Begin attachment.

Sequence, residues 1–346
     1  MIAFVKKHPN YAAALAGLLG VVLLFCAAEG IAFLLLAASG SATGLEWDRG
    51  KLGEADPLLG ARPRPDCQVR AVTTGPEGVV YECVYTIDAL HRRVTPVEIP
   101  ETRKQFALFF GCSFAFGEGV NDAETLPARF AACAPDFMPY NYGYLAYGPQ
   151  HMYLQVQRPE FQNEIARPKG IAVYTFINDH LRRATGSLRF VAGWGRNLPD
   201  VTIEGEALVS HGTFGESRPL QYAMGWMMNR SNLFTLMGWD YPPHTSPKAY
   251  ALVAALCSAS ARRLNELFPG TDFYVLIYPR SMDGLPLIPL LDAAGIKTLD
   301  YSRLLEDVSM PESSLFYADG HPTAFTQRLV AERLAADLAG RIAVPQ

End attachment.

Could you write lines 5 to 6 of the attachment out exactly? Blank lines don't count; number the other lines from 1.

   151  HMYLQVQRPE FQNEIARPKG IAVYTFINDH LRRATGSLRF VAGWGRNLPD
   201  VTIEGEALVS HGTFGESRPL QYAMGWMMNR SNLFTLMGWD YPPHTSPKAY